Controversy has been stirring in Oak Lawn Township for the past year regarding a township maintenance position that has resulted in two township supervisor resignations.
The issue likely will be the focus of an Oak Lawn Township Board meeting at 7 p.m. Tuesday at the town hall.
Township supervisors will discuss whether the township should continue to have a maintenance position or if it should be eliminated and the services contracted. Township supervisors are trying to determine the option that would be most cost-effective for the township. They have been discussing the issue for more than a year.
This issue has caused turmoil for the township board and the man who holds the maintenance position, Lonnie Murray of Brainerd.
Denny Schmidt (left) talked Thursday at the Oak Lawn Town Hall about the Oak Lawn Township maintenance position, while Rick Adair listened. Schmidt resigned from the township board in October and Adair resigned in October of 2008 because of the personal attacks against them regarding the maintenance position issue.
Brainerd Dispatch/Kelly Humphrey» Purchase reprints of this photo.
Mark Haglin, who has been on the township board for several years, said the controversy is "a number of people think it's the person and not the position and it's (about) the position, and a costly one at that."
"With these economic times, we can save taxpayers money by contracting services out and by doing this we also support a small business," Haglin said. "I'm in support of small businesses and if we can do this better yet. Even if it's equal (amount paid for having the position or for the contracted services) I'd rather support a small business than (have) a government job.
"I don't have a problem with anything or anyone. It's a simple business decision. From what I've seen, (contracted services) will be cheaper."
Haglin and Denny Schmidt - who resigned after the October meeting after serving almost 20 years on the township board - said it costs the township $98,000 to have a maintenance position. Of that amount, about $40,000 is paid to Murray for salary, benefits, sick pay, holidays and vacation. The remaining amount is paid in equipment maintenance and repair, fuel and insurance.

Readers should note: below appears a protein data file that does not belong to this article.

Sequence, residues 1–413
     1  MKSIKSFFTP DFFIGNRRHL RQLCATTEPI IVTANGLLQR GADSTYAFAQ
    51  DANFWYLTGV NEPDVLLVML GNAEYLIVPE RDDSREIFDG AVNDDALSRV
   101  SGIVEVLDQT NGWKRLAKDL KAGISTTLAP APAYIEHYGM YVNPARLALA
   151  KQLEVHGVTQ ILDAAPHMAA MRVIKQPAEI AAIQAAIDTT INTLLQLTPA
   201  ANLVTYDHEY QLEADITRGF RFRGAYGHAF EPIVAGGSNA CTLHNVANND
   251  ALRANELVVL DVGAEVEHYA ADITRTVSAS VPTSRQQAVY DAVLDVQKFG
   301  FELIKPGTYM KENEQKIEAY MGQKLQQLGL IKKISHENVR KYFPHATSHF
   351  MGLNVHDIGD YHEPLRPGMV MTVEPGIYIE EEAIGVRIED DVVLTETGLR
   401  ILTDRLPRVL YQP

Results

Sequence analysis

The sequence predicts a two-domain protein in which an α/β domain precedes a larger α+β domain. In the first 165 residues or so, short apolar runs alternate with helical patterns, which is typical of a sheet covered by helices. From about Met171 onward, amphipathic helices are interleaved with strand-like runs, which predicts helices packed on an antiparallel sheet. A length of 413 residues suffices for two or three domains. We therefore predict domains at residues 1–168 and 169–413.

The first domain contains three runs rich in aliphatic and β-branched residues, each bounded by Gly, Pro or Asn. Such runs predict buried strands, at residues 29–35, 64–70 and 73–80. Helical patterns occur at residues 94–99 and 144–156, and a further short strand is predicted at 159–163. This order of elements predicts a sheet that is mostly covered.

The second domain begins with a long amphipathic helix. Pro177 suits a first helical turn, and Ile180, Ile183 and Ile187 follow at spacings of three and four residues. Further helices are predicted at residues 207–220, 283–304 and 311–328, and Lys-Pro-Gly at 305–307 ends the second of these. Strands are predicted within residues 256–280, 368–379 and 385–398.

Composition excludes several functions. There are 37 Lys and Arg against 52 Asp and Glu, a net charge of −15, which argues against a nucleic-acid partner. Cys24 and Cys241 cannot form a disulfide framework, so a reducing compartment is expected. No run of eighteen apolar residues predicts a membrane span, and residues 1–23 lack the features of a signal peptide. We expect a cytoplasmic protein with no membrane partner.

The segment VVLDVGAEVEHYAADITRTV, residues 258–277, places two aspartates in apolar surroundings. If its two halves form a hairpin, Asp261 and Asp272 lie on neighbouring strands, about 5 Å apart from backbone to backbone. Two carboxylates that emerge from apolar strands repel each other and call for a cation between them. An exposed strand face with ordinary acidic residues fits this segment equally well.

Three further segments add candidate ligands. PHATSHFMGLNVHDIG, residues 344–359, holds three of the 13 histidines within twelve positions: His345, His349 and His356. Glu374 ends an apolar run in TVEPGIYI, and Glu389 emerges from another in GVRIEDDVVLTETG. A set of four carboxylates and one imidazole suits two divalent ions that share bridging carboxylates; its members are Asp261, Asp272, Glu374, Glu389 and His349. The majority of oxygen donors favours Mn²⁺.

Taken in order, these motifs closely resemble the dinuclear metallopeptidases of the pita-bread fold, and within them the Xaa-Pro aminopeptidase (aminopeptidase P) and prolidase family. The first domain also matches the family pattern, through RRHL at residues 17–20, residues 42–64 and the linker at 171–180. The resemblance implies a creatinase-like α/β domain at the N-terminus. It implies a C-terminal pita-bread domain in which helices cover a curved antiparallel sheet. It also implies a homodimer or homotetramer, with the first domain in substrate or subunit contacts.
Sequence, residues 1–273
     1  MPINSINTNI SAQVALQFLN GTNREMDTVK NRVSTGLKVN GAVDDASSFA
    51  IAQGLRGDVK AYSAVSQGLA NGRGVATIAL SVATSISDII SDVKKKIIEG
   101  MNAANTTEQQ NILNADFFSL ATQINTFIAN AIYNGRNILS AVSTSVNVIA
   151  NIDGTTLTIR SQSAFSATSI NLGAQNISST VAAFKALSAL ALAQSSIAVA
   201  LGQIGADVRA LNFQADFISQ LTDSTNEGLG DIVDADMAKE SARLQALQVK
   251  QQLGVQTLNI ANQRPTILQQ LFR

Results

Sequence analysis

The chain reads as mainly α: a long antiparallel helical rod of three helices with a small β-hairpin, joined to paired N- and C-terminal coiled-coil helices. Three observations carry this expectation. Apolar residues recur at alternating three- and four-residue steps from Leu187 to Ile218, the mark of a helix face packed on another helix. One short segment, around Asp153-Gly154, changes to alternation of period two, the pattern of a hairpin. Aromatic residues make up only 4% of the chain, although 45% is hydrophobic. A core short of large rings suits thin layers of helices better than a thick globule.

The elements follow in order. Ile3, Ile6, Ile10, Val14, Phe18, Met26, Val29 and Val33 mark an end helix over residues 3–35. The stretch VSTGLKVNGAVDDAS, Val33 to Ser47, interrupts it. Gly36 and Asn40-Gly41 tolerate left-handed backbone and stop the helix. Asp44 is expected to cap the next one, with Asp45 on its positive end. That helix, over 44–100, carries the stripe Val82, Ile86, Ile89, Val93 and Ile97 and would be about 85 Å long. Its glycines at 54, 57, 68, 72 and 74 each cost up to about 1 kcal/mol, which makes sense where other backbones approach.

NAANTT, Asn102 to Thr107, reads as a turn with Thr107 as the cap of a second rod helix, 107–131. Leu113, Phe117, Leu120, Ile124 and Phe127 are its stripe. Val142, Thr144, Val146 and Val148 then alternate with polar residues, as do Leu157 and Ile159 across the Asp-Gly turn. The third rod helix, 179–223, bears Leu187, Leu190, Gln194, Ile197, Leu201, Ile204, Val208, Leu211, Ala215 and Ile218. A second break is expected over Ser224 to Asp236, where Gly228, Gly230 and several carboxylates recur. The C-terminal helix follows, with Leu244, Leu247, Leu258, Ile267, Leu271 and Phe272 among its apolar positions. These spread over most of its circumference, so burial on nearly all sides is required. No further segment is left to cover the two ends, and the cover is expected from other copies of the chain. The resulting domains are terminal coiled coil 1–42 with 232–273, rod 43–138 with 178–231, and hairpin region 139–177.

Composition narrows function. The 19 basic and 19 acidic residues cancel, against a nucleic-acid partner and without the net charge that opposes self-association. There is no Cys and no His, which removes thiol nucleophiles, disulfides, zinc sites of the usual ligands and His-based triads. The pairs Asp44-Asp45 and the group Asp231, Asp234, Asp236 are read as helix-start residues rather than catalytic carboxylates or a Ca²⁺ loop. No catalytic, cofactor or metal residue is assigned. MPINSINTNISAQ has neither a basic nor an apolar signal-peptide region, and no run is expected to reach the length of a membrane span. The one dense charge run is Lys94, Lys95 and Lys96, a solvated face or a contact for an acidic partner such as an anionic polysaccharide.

Carol Cloud, a township supervisor who's been on the board since March, agreed that the township pays $40,000 for the maintenance position in salary, benefits and vacation. However, Cloud said there have been "all kinds of numbers thrown around and accusations made." Cloud said she didn't know where the $98,000 figure came from.
In an interview Thursday with Schmidt and former Oak Lawn Township Supervisor Rick Adair at the Oak Lawn Town Hall, Schmidt said Adair brought up the issue of eliminating the maintenance position and contracting for services to save the township money in 2008.
"When I first brought it up I was literally crucified," said Adair. "It was a good six months (of discussions) and then I resigned in October of 2008 after 10 years on the board. We get paid $75 a month and it wasn't worth (the personal attacks.)"
Schmidt said, "When he left I was the new target ... They said some mean-spirited comments toward me."
Oak Lawn Town Hall will be the place for township residents to be at 7 p.m. Tuesday for the town meeting to discuss the maintenance position. Brainerd Dispatch/Kelly Humphrey» Purchase reprints of this photo.